But I believe that my abhoration for this act of evil; this travesty, is no smaller than the abhoration that God has for all our many sins, as individuals and as a society; and it must be ESPECIALLY acute knowing that he sent his son who SACRIFICED himself for all of us. 

So, the forgiveness that I've received is the forgiveness that I extend. 

It's too late for Adam.  Adam is dead and we must tend to the living and the grieving. It is right and it is just to do so.  It is critical to do so.  It is critical to count what we've lost, what we are still losing day to day, and to think how we can make it better; a little at a time.

But I feel a deep sadness.  I feel the sadness for everyone whom I've ignored and I haven't done everything I could to reach out to.  I'm sad for the suffering, I'm sad for the sick, I'm sad for the downtrodden, the abused, and the used.

We need healing in our society, so let it start with me.  Dear Lord, as you welcome the innocent into heaven and judge the guilty, here is my prayer; forgive me for the selfish times when I've put myself first, and continue to send me occasions in which my actions, my care and my compassion can make a difference.  I want to be last and least.  Let me live for the well-being of others, and in the example of Jesus.  Amen. 

Monday, December 3, 2012


I love GeekandSundry so much and I especially love TableTop.  Episode 4 may be my favorite, but they are all quite good.

Saturday, September 1, 2012

Alabama Football!

There are really two University of Alabama's.  The one is the academic institution, the other is the athletic (primarily football) institution.  They share a name, and *perhaps* some funding.  I have a lot of coginitive dissonance and unresolved issues about being both a fan of football and well, you know, a rational human being.

The two so often seem at odds when I reflect back.

Here's what an old friend of mine said on Facebook after Auburn University lost a close one to Clemson and Alabama annihilated Michigan tonight:

"F*** Alabama!"  (The original was not censored.)

Here's what I wanted to say:

"Awe, how are those grapes?   A little sour I guess.  Well, perhaps Auburn could borrow one of our four top-notch running backs.  Nah, on second thought, we're using them ALL."

I managed, instead to say:

"Heh.  Music to my ears."

I should have said, well, nothing at all.

I'm not writing this blog post TO that person.  I think it's best just to let it go; but if they follow the link over here, so be it.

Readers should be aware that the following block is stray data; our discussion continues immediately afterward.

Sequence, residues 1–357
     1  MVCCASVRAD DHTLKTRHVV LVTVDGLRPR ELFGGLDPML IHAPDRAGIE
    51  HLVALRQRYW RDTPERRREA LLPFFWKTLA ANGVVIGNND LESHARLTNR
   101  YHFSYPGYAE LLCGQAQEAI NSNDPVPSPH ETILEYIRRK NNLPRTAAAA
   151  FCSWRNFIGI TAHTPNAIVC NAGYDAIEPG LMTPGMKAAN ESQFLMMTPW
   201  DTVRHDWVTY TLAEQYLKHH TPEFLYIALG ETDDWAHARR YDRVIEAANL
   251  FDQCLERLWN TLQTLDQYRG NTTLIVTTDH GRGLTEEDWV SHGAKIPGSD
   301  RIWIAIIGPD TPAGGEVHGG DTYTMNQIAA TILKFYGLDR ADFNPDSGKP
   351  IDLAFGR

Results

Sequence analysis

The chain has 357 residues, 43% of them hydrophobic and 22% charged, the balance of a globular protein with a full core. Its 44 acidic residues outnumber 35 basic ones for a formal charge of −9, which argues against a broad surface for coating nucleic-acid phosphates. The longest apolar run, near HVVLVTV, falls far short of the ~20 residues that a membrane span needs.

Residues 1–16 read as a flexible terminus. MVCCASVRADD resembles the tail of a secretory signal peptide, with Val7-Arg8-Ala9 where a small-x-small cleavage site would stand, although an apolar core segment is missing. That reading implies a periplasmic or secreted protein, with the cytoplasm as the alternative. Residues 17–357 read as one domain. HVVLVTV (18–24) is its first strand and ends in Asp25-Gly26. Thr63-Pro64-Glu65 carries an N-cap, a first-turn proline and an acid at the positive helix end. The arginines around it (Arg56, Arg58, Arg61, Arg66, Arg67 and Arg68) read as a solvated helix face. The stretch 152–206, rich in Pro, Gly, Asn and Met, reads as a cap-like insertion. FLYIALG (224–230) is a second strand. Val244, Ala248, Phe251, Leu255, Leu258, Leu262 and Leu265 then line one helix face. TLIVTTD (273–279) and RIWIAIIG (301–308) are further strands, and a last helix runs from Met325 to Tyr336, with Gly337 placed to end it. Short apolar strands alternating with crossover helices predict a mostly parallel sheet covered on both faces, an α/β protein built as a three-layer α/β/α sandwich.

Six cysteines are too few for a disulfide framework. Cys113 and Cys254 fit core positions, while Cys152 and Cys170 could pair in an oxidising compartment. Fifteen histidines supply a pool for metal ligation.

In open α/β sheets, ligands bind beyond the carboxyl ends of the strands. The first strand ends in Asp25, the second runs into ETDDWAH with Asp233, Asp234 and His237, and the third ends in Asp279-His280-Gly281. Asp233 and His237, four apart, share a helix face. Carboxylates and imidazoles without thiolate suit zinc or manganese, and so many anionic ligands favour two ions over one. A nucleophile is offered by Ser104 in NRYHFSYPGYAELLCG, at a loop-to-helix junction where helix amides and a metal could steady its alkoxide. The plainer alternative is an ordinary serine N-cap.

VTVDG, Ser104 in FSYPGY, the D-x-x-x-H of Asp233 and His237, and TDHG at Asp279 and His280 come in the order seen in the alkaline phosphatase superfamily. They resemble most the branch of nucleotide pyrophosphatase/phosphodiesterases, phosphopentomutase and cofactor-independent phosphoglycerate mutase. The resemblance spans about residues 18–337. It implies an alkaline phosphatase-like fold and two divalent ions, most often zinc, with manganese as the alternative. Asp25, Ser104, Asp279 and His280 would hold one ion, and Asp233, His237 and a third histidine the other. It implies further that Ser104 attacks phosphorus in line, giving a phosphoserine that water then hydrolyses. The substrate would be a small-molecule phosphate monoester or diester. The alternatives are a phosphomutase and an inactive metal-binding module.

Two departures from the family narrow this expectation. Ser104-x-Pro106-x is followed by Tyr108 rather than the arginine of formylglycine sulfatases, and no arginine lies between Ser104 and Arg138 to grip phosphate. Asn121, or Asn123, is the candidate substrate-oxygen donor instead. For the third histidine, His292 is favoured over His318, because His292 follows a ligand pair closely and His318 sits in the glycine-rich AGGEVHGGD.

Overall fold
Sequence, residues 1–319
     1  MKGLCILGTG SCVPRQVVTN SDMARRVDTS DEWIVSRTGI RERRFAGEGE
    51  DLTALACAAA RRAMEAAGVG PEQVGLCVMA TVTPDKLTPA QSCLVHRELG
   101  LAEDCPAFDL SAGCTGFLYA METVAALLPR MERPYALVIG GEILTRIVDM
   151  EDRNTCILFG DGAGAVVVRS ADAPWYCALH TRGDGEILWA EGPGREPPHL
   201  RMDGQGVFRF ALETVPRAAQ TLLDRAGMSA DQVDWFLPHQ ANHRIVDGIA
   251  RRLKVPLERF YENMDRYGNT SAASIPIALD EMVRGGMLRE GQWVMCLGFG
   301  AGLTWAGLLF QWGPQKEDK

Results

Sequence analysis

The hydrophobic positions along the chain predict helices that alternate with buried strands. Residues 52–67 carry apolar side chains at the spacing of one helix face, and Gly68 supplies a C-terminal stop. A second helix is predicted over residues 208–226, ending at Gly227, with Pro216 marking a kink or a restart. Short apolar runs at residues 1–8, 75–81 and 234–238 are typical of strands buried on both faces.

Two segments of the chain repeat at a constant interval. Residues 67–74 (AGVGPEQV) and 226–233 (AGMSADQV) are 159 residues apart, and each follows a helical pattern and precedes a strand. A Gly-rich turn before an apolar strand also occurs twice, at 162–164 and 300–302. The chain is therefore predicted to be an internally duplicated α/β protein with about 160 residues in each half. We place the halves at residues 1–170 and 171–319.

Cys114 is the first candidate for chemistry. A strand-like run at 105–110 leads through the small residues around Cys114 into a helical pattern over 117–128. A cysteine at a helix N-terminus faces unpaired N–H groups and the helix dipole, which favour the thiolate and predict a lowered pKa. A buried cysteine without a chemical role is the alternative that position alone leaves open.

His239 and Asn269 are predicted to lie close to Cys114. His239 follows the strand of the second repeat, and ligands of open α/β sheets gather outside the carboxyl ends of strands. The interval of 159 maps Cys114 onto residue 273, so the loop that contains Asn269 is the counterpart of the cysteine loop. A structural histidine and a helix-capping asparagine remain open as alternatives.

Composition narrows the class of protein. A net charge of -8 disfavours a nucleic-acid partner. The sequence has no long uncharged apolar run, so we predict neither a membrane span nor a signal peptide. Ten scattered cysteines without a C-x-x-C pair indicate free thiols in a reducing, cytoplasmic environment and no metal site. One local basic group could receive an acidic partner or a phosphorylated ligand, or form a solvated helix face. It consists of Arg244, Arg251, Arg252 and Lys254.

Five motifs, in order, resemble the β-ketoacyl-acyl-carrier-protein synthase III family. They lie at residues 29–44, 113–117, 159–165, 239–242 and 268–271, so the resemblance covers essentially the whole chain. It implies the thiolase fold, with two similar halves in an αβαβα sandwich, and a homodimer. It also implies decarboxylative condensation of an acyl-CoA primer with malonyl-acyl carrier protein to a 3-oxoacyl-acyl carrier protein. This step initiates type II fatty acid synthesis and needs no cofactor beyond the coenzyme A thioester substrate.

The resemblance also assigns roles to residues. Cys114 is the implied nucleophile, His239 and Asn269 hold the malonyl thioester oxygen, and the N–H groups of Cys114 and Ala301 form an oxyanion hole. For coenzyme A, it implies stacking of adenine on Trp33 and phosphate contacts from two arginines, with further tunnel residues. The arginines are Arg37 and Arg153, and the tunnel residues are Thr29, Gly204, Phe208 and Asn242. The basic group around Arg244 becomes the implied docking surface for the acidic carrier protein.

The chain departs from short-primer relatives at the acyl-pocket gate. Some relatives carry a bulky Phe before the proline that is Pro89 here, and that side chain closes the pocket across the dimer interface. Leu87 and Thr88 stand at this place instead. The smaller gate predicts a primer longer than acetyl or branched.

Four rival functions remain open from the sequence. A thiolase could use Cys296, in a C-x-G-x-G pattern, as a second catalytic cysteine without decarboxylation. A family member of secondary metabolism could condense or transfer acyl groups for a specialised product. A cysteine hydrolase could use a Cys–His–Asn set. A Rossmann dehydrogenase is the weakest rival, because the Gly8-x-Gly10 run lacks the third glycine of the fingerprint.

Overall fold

I felt really bad... feel really bad  about the oaks at Toomer's Corner.  I do.  That was abhorrent behavior; beyond abhorrent.  AND, the cringe inducing (for me, anyway) sign at ESPN College Gameday this morning making fun of the incident was even more abhorant and damning.  I've seen Alabama fans act like fools SO many times.  I grew up on the other side of this argument, as an Auburn fan.  I've been there.  I don't largely like Alabama fans.  But I'm here to tell you that no fan base in the SEC is above reproach even if each one thinks it is.  And, even if one or the other fan bases is "worse" than any other, a claim I find dubious in the extreme, the way that each fan base rationalizes their horrible behavior by pointing to how badly they themselves have been treated self-nullifies the claim of moral superiority.

Hatred is bad people.  Grudges are worse, and worse of all are the grudges for entire institutions and people groups, blindly applied. 

I'm pretty sure football is bad for people.  I'm pretty sure I can't stop loving it.

Cognitive.  Dissonance.  

Thursday, August 9, 2012

Filling Pails or Lighting Fires

I posted about the issue this blog post is going to address on Facebook already.  Most of the time, when I find a disturbing bit of news on the internet, I can post a few words about it on Facebook and that will somehow satiate my need for people not to be wrong.  Believe me, people are wrong on the internet all the time; it's important to have a pressure valve, especially if you're me and you just really hate people's inability to come to rational rather than knee-jerk conclusions.

Unfortunately, Facebook didn't work as a palliative this time.  The issue has gotten under my skin and I need to "scratch", if you will.  So, I've come here to do it.

The State of Louisiana, under Governor Bobby Jindal, has decided that it's basically going to outsource (probably I should say, privatize) it's education system, at least in part, via the largest school voucher system in America.

Let me start by saying I think you should be able to school your children in the way that seems fit to you.  For one, I believe in competition as a driving force for improvement.  Let me then say, I think it's obvious that you should want to have your children in public school.

Let me explain.  I often go to de Tocqueville because I believe he put it best when he argued that in a democracy, the people get ONLY the government that they deserve.  It's in the best interest of all it citizens that the country's young people, inexorably marching toward voting age, become educated, capable (in academia, the arts, etc.), and most of all, discerning.  (Incidentally, that's also what's best for the children themselves. )  You don't want idiots for citizens because idiots deserve an idiot government.  In short, as goes the education system, and in particular, as goes the public education system, so goes the democracy.

The public education system works best when all of the citizens and their children (such as they have any) are invested co-partners.

Vouchers are harmful to this system, because they lure away capable students, and they draw money away from the public education system itself.  Period.  Full stop.

They are most dreadfully harmful, as is the case with Louisiana, when they are directed away from the public school system, whose goal should always be to produce well-educated, discerning students, to institutions who make no pretence about being anything but driven by this or that demagoguery.  (Incidentally, I understand, better than most readers of this blog, the short-comings of the current public education system; more bogged down and nearly drowning in bureaucratically motivated testing for testings' sake than it is interested in fulfilling it's purpose.  After all, I deal with college freshman every year.  But again, how are vouchers supposed to make the system better?  How is leaving the system, giving up, supposed to make it better?).